Funding gap threatens to sink flood defence plans
Government plans to spend £2.3bn plugging holes in flood defences is at risk because it relies on £600m of private cash, a parliamentary committee has warned.
The cross-party Department for Environment, Food and Rural Affairs Committee has said that the low levels of private funding which has been attracted to date threaten to sink the ambitious scheme which would protect 300,000 properties.
The funding gap, which was identified in the 2013-14 Defra performance report, also highlighted an absence of transparency in plans to find budget savings in the department in the coming years.
Committee Chair, Anne McIntosh MP commented: “The Government has committed £2.3 billion in capital funding for six years’ investment aimed at protecting 300,000 properties, but that plan relies on external contributions of £600 million.
“We support the principle that the private sector should help to fund new flood defence schemes, but we have repeatedly expressed concern about the relatively small amounts of private sector funding secured to date under the Partnership Funding approach, with only £40 million of the £148 million secured up to 2014-15 coming from sources beyond local government.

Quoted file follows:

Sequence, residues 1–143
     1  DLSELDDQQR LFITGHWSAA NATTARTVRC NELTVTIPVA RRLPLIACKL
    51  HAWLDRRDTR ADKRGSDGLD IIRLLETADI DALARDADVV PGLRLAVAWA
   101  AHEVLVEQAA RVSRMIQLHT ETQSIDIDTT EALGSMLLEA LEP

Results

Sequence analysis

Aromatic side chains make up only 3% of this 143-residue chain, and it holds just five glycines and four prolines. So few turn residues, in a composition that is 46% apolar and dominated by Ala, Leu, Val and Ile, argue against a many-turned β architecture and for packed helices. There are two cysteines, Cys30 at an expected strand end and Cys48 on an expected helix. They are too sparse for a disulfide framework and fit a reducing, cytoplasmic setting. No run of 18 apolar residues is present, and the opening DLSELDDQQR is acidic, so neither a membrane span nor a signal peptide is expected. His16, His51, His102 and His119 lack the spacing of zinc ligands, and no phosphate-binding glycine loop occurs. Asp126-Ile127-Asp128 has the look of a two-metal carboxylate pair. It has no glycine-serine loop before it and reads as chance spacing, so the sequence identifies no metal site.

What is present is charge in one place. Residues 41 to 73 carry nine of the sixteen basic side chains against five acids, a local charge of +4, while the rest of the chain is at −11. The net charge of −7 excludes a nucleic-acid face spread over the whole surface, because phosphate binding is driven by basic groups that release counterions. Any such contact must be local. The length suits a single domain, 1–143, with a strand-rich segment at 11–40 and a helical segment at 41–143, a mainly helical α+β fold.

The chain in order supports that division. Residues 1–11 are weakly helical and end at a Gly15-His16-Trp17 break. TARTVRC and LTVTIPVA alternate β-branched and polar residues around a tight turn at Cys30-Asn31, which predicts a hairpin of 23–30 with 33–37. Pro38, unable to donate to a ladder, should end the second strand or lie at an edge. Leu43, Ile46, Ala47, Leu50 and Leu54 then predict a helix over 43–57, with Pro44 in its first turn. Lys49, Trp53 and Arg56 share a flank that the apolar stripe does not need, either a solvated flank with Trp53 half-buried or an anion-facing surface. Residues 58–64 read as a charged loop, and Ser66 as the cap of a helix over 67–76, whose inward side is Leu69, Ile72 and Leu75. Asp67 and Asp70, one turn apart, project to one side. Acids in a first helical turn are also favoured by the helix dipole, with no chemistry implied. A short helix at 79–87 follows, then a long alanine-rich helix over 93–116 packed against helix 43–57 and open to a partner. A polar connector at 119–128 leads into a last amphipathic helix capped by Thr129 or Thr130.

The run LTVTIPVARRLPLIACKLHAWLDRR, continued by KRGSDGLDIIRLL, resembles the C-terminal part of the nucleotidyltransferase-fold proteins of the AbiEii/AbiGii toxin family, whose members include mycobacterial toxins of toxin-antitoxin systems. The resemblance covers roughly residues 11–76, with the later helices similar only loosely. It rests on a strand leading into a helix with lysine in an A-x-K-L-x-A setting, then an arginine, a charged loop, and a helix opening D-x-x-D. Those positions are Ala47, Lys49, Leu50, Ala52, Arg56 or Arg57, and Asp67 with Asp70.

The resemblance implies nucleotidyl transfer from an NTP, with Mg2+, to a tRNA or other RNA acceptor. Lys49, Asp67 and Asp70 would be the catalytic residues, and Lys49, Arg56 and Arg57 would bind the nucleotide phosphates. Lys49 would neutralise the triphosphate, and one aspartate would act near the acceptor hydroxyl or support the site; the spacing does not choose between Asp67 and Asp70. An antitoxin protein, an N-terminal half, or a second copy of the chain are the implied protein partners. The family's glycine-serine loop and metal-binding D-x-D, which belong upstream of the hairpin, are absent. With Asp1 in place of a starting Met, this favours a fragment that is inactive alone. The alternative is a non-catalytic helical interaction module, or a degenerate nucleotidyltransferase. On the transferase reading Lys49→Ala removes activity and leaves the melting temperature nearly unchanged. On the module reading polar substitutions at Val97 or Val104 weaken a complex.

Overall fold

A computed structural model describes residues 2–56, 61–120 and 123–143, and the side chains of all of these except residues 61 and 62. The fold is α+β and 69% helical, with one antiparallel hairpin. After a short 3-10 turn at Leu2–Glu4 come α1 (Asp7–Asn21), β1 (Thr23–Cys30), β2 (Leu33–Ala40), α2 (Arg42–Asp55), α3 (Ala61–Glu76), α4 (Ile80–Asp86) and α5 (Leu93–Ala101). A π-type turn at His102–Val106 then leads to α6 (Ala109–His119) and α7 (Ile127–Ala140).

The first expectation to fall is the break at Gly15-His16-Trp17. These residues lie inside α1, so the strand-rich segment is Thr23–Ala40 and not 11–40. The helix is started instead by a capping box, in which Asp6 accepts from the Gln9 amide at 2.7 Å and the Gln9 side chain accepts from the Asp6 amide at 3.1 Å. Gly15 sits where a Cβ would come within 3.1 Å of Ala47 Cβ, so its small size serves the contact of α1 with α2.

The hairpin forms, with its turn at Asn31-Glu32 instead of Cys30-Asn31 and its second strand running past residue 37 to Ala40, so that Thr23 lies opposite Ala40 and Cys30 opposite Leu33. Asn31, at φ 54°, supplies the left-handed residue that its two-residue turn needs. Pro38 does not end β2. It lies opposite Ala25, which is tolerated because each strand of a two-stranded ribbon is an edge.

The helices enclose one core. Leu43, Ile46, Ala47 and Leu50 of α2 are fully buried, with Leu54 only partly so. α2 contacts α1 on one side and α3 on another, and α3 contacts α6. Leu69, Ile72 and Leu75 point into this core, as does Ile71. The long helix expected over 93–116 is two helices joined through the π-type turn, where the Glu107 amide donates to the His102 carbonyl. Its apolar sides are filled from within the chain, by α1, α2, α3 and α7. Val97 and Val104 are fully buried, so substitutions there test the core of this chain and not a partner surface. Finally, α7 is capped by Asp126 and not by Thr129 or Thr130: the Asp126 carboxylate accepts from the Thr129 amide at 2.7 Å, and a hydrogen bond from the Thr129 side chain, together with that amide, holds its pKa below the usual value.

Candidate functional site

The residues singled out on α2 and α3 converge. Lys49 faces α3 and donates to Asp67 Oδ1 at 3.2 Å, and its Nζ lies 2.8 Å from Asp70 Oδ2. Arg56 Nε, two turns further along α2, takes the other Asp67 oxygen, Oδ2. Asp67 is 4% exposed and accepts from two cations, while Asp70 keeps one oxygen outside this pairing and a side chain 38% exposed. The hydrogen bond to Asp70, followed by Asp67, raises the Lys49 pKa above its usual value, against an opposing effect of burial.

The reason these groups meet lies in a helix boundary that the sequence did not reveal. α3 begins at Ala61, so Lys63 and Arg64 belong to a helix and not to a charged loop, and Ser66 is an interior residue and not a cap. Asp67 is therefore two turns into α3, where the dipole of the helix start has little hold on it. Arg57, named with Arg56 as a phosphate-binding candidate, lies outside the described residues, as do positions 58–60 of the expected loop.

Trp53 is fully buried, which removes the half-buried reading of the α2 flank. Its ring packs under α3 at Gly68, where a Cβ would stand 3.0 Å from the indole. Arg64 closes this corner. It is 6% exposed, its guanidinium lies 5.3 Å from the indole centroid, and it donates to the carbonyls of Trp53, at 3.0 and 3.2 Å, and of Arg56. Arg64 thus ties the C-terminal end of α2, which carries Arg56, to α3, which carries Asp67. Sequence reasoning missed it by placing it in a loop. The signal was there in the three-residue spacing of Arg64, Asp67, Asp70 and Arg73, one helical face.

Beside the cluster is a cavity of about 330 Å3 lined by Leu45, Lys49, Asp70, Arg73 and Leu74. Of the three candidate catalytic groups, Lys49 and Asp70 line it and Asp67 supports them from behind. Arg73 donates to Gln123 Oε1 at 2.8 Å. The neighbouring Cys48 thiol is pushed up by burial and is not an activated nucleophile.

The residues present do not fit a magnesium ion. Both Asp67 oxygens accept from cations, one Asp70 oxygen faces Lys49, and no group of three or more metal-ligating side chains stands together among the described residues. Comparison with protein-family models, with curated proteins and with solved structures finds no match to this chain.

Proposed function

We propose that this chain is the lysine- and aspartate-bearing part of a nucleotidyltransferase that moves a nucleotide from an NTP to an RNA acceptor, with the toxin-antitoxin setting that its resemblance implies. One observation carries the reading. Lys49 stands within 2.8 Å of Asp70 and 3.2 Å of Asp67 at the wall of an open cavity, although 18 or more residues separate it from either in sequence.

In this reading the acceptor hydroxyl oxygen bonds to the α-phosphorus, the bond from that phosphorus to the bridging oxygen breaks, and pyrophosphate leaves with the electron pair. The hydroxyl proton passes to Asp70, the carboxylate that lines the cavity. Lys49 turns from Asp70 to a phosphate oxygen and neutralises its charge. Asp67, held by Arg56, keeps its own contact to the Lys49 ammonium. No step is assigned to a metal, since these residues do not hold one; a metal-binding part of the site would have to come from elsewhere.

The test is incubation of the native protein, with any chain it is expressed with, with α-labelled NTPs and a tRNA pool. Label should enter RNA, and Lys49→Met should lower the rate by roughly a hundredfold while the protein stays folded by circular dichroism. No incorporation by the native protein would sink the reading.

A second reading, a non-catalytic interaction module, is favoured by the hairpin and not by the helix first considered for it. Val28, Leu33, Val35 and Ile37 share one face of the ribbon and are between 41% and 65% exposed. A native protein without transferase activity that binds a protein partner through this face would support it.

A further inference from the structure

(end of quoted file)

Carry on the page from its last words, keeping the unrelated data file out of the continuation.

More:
“It is unclear how the £600 million target can be met, and we want Defra to demonstrate how it intends to obtain that money and to explain the impact on its investment programme if the money does not come forward.”
“The Committee also repeats its call on Government to move to a total expenditure classification for flood risk management and flags that revenue funding would benefit from a six-year funding commitment alongside capital. The Committee believes revenue and capital spending must be balanced to ensure both receive the same priority.”
The Defra performance report can be found on here.